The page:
I've found that JR2 data can be quite a good indicator of subscription demand, but as others have mentioned, there are nuances.  For example, I find that the more general search traffic the site receives, the better the JR2 data is, because users are searching directly on the site.  If they are looking for articles cited in databases, our link resolver will redirect them to ILL before they hit the site and generate a turnaway.  For that reason, I've found that ScienceDirect has excellent JR2 data *for our campus* because we license a huge package, while Taylor & Francis is iffy because we only subscribe to a few of their journals, but this will absolutely vary by institution.  And of course, as others have also said, it is essential to look at multiple years of data.

I've also found that ILL data can be a good indicator of subscription demand when the numbers are quite high, but they are often so low that it's impossible to draw any solid conclusions.

Interestingly, I was meeting with one of our faculty members yesterday and he mentioned wanting to be able to follow citation trails.  He wanted to be able to view articles in the moment, and repeatedly going to a separate form to submit requests for articles that wouldn't arrive until at least the next day, and often turn out not be relevant, wasn't terribly friendly to his workflow.  He still submits some requests, but far fewer than the turnaways he's generating on journal sites.

I have a personal (unsubstantiated by any organized evidence, so take with a grain of salt) suspicion that ILL numbers are inevitably LESS than subscribed use due to the barriers of time and extra effort, while subscribed use is likely to be MORE than the actual utilization of the content due to factors like the citation-following described above or the phenomenon of revisiting/redownloading the same article from multiple workstations (work vs home, e.g.).  In other words, the real utility of the journal is somewhere in between ILL/turnaways and subscribed COUNTER reports. This would also help to explain why cancelling a title rarely leads to a sudden flood of ILL requests.

I did a project some years ago where we bought ScienceDirect backfiles on the basis of turnaways, with modest success.  I have been slammed with other duties and haven't updated my findings, but I presented at NASIG at the time.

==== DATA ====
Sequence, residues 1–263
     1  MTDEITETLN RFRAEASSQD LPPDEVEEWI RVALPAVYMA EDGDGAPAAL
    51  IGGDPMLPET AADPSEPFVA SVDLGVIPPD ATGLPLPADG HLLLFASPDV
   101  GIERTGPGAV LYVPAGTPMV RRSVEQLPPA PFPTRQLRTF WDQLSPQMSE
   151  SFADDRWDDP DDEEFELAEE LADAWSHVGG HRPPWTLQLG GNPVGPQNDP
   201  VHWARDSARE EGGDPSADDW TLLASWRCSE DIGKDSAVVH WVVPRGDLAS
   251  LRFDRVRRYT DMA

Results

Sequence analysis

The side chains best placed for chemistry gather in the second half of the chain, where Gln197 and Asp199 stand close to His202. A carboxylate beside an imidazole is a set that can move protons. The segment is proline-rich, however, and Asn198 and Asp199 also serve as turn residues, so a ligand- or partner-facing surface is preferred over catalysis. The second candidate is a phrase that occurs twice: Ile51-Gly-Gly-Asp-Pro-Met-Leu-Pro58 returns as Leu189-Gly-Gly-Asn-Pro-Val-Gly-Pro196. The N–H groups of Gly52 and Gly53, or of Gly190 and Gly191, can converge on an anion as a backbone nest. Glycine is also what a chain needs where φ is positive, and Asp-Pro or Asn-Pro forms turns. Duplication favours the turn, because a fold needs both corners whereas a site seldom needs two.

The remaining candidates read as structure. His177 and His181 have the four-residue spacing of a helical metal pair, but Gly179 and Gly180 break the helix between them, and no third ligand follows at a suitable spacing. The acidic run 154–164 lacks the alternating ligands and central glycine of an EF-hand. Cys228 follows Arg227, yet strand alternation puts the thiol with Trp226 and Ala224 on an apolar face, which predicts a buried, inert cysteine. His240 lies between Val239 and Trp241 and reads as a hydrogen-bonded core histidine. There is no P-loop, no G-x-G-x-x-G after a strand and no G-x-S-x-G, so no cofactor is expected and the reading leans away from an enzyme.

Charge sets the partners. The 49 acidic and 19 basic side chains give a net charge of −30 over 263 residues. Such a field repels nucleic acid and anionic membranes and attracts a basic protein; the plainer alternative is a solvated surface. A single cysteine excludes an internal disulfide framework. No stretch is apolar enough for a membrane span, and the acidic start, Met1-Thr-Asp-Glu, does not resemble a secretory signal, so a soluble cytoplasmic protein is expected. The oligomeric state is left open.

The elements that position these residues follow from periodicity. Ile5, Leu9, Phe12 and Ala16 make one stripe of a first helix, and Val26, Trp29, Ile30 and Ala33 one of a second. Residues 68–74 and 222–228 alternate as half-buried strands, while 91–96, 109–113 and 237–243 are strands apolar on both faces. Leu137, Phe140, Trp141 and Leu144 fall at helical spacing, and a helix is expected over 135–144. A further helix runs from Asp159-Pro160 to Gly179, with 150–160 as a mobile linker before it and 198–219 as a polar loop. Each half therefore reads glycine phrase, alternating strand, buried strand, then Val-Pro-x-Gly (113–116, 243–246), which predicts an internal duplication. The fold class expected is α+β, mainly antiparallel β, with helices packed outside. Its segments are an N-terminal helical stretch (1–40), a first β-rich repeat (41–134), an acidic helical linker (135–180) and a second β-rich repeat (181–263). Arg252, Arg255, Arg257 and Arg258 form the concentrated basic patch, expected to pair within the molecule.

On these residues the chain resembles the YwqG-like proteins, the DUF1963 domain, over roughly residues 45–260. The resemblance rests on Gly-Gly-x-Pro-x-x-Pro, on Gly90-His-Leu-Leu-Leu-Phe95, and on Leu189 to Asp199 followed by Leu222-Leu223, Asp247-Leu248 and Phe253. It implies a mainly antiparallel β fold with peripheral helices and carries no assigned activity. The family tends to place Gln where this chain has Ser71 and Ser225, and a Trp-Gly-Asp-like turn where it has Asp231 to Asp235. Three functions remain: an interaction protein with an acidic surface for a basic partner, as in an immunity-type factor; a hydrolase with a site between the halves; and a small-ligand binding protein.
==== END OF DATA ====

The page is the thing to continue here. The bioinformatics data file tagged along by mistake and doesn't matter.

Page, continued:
Nikki DeMoville
Coordinator - Electronic Resources, Acquisitions, and Resource Sharing
Robert E. Kennedy Library
California Polytechnic State University
San Luis Obispo, California

Direct 805-756-5780
Fax 805-756-7711

On 10/31/2018 9:31 AM, Bluhm-Stieber, Hella wrote:

I have been using the number of turn-aways to add new journals subscriptions, but I noticed that I need to look for several years of data, because sometimes a certain journal spikes in one year, but is not used much in other years. I also look at ILL requests and our overall journal coverage in the subject area.



Hella Bluhm-Stieber, MLIS, AHIP

Medical Librarian

M.J. Chatton Medical Library

Santa Clara Valley Health & Hospital System

751 S. Bascom Ave.

San Jose, CA 95128

(408) 885-5654

Fax (408) 885-5655



Library opening hours: Monday, Wednesday-Friday, 8 am – 1 pm, Tuesday 8 am – 5 pm, closed on weekends and county holidays




From: Serials in Libraries Discussion Forum [mailto:SERIALST@LISTSERV.NASIG.ORG] On Behalf Of Herraghty, Maureen
Sent: Wednesday, October 31, 2018 9:08 AM
Subject: Re: [SERIALST] ILL data as basis for new subs (or not)


The scientists I deal with (all post-graduate level) tend to assume that ILL will take too long, so if we don’t have electronic full-text access, their first-choice alternative is usually to ask a colleague to retrieve it for them from another institution, or request a copy directly from the corresponding author. Only if those options fail will they request it as an ILL.


I only take time to fully analyze those situations where they seek to reach full-text. My method for cross-checking turnaways for true demand is to do citation analysis on papers recently published at my institution.  If they are citing it, they are reading it, and if they are not getting it from the Library’s collection, then they must be getting it somewhere else.   I’ve been able to pretty accurately identify potential demand with that comparison.





Maureen E. Herraghty

Director of Library Services

Elizabeth Gray Danforth Library

Donald Danforth Plant Science Center

975 North Warson Road

Saint Louis, MO 63132


t  314.587.1081

f  314.587.1181



From: Serials in Libraries Discussion Forum <SERIALST@LISTSERV.NASIG.ORG> On Behalf Of Melissa Belvadi
Sent: Wednesday, October 31, 2018 4:13 AM
Subject: [SERIALST] ILL data as basis for new subs (or not)


Hi, all.


I occasionally see an article in our professional literature about how well ILL article request data does (not) reflect likely demand, and that definitely seems to reflect our own experience from my somewhat informal analysis of our own data.

But I seem to have trouble persuading my colleagues here about this.


For example, I'll present JR2 turnaway data and "abstracts viewed" in EBSCO and Proquest as evidence for adding a subscription, but they'll respond that :"if they didn't bother to ILL it, then they don't really need it".


Has anyone done, either for publication or for internal use that you can share with me, some kind of "systematic review" on this issue?


Or even if you have a clear and concise explanation of why that "they didn't bother" reasoning is not an appropriate conclusion to draw, I would appreciate that too. I haven't found the right way to articulate why I think that's wrong.

Or if you agree with my colleagues, tell me that too!



Melissa Belvadi

Collections Librarian

University of Prince Edward Island

mbelvadi@upei.ca 902-566-0581

Make an appointment via YouCanBookMe




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